By Ekta R. Garg
December 19, 2018
Genre: YA literary fiction
Release date: October 9, 2018
Rated: Borrow it / 3 stars
A family of brothers must decide how to respond to the father who deserted them when he comes home. As the boys grapple with why their father left in the first place, one of them will find a way to close the gap between everyone. Author Markus Zusak returns to the book world after more than a decade with the heartfelt but somewhat faulty novel Bridge of Clay.
Matthew Dunbar knows he must set the record straight for everyone. He’s committed to it, no matter what people—including his four brothers—may think. As the oldest boy in the family, he’s had the longest time with his parents and the most life experience to inform the Dunbar story, which boils down to one thing: at the time when they needed him most, Michael Dunbar left his boys to fend for themselves.
Their shock almost reverberates off the walls, then, when Michael comes home to Archer Street with a request. He wants to know if the boys will return with him to his new house to help him build a bridge. A river near his home has suffered massive flooding more than once, and the bridge is the only solution to make it passable.
His question barely leaves his lips when four of the boys answer with a resounding “no.” One of them, however, understands Michael better than the others. After some soul searching, Clay Dunbar decides to make the trip with his father. Matthew and the other brothers can’t comprehend just what motivates Clay, but Clay is unmoving in his decision. He packs a bag, says goodbye to his sweetheart, and travels to the address Michael has left behind. In the process of helping Michael build the bridge, Clay will come to know his father even better and become the go-between his family needs to heal from tragedy.
Author Markus Zusak left his readers begging for more with his previous novel The Book Thief. That book offered a kaleidoscope of experiences and ideas, all written in prose that would make even the most dedicated writer envious. The characters, headed by Death himself, made fans worldwide laugh and cry, sometimes all within the space of the same page.
Bridge of Clay gives readers more of Zusak’s writing world. The unexpected turns of phrase and that familiar kaleidoscope reappear. Zusak works his magic of offering small pieces of his story to readers and guiding them as they put the pieces together. His writing style makes readers work a little harder to get through the story, a welcome change from some of the breezy books that get published as contemporaries.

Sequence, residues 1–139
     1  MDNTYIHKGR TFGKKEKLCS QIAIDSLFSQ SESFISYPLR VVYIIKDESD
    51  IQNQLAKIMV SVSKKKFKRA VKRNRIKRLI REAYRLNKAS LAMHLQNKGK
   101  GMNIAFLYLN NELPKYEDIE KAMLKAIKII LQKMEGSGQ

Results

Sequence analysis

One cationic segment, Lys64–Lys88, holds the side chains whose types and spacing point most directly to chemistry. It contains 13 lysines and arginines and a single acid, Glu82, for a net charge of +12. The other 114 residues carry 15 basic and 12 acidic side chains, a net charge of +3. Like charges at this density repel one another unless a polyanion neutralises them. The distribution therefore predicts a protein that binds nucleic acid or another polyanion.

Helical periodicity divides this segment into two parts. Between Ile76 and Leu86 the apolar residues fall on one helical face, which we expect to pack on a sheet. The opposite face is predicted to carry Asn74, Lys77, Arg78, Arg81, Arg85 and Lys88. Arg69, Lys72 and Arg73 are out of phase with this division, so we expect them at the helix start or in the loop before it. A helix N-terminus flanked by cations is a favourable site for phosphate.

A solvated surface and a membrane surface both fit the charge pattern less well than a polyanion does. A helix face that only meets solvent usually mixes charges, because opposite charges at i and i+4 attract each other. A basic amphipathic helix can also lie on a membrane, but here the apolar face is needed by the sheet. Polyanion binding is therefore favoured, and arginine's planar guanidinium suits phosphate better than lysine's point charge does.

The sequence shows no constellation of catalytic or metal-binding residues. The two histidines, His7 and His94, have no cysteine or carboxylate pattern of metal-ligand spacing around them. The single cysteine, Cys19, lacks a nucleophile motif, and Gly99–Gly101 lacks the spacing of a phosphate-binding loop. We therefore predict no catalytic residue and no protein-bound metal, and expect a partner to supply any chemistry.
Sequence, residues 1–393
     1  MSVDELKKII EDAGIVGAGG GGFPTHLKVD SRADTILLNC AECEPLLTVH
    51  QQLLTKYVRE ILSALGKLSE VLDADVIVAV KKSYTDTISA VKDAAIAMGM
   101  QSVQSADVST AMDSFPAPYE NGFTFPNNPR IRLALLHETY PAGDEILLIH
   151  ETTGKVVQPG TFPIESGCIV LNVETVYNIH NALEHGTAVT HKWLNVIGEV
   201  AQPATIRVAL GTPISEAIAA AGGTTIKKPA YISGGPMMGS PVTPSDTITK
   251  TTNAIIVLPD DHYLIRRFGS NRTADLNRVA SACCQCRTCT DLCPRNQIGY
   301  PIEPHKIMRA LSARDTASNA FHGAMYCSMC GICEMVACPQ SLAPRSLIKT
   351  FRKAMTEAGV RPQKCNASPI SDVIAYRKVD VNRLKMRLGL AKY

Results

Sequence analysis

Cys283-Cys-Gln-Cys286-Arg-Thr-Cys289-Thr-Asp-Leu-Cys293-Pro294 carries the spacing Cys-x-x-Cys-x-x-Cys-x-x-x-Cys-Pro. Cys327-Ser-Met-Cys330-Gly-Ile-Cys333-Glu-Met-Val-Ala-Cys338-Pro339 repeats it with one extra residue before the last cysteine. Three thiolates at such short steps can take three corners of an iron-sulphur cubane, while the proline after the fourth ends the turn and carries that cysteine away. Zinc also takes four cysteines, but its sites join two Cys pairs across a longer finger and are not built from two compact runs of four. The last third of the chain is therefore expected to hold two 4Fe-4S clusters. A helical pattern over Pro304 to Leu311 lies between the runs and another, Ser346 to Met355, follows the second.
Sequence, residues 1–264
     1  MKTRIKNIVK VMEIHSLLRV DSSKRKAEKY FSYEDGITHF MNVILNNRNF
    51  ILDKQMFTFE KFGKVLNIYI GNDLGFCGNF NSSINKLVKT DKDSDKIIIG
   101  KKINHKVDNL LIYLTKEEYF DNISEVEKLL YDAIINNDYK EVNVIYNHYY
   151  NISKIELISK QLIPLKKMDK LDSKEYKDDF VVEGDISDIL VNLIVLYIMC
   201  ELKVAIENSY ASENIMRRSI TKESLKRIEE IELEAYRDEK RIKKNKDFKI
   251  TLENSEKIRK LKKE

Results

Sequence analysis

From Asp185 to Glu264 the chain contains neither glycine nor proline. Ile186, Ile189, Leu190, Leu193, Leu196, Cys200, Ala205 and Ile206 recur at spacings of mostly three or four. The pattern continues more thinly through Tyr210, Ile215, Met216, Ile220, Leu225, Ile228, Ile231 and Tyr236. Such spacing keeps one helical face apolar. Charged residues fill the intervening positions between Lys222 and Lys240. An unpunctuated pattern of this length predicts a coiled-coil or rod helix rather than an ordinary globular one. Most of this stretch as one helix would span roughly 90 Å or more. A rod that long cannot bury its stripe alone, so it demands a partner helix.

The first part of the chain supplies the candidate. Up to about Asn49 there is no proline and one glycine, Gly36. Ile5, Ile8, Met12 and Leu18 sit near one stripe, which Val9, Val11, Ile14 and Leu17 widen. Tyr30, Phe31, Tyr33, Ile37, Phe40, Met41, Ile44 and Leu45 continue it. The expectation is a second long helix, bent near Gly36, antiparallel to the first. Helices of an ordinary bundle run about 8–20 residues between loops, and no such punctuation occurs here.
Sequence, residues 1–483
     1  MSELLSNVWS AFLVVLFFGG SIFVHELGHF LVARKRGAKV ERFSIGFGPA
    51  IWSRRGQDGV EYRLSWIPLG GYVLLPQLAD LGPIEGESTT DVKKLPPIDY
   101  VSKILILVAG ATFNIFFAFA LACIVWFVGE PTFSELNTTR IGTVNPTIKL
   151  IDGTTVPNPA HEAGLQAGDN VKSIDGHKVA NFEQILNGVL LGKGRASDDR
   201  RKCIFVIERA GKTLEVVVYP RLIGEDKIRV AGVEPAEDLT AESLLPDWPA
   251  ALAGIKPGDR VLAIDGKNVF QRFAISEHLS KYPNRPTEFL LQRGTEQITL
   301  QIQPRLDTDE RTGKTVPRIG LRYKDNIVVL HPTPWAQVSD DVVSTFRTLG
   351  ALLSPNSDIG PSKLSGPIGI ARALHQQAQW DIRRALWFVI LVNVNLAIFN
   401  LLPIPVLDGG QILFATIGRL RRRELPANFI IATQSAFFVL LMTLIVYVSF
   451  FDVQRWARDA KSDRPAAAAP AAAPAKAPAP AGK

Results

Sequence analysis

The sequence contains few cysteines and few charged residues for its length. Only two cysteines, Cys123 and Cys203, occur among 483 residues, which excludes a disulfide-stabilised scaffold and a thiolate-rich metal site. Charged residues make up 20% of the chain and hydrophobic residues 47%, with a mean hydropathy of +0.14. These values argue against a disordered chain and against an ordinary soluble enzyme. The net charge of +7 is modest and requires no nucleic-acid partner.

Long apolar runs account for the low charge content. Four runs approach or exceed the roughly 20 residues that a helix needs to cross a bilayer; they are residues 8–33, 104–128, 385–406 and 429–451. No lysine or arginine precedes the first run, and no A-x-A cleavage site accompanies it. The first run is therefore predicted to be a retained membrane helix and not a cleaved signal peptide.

Below the surface of the writing itself, however, the story of Bridge of Clay doesn’t move much. Zusak’s choice to make Matthew the narrator and Clay the main character makes sense sometimes. At other times, readers will wish they could have heard Clay’s opinion straight from him.
The plot is a quiet one, focusing heavily on what the boys felt and thought as they experienced the death of a character and the desertion of their father. Zusak also gives ample room to Michael’s history: his childhood and a failed romance as well as his hopes and dreams. Matthew relates these stories as they were told to him, acting as the metaphorical bridge that connects the past and the present. Clay, then, becomes the bridge between the present and the future, but his role doesn’t offer many surprises the minute he decides to leave with his father.
While the death of a secondary character will surprise many, the necessity for the death—and, indeed, the character at all—may make readers scratch their heads. That character’s story arc takes up space Zusak could have used to share more about the other three brothers. Matthew gets his spot in the limelight as narrator and Clay as the person resolving the problems, but the other three Dunbar boys don’t appear as much as they can or should. The book purports to be about the five Dunbar boys but actually only focuses on two of them.
Diehard Zusak fans will enjoy Bridge of Clay for its prose, but readers new to Zusak’s work would be better off sticking with The Book Thief. For that reason, I think readers should Borrow Bridge of Clay.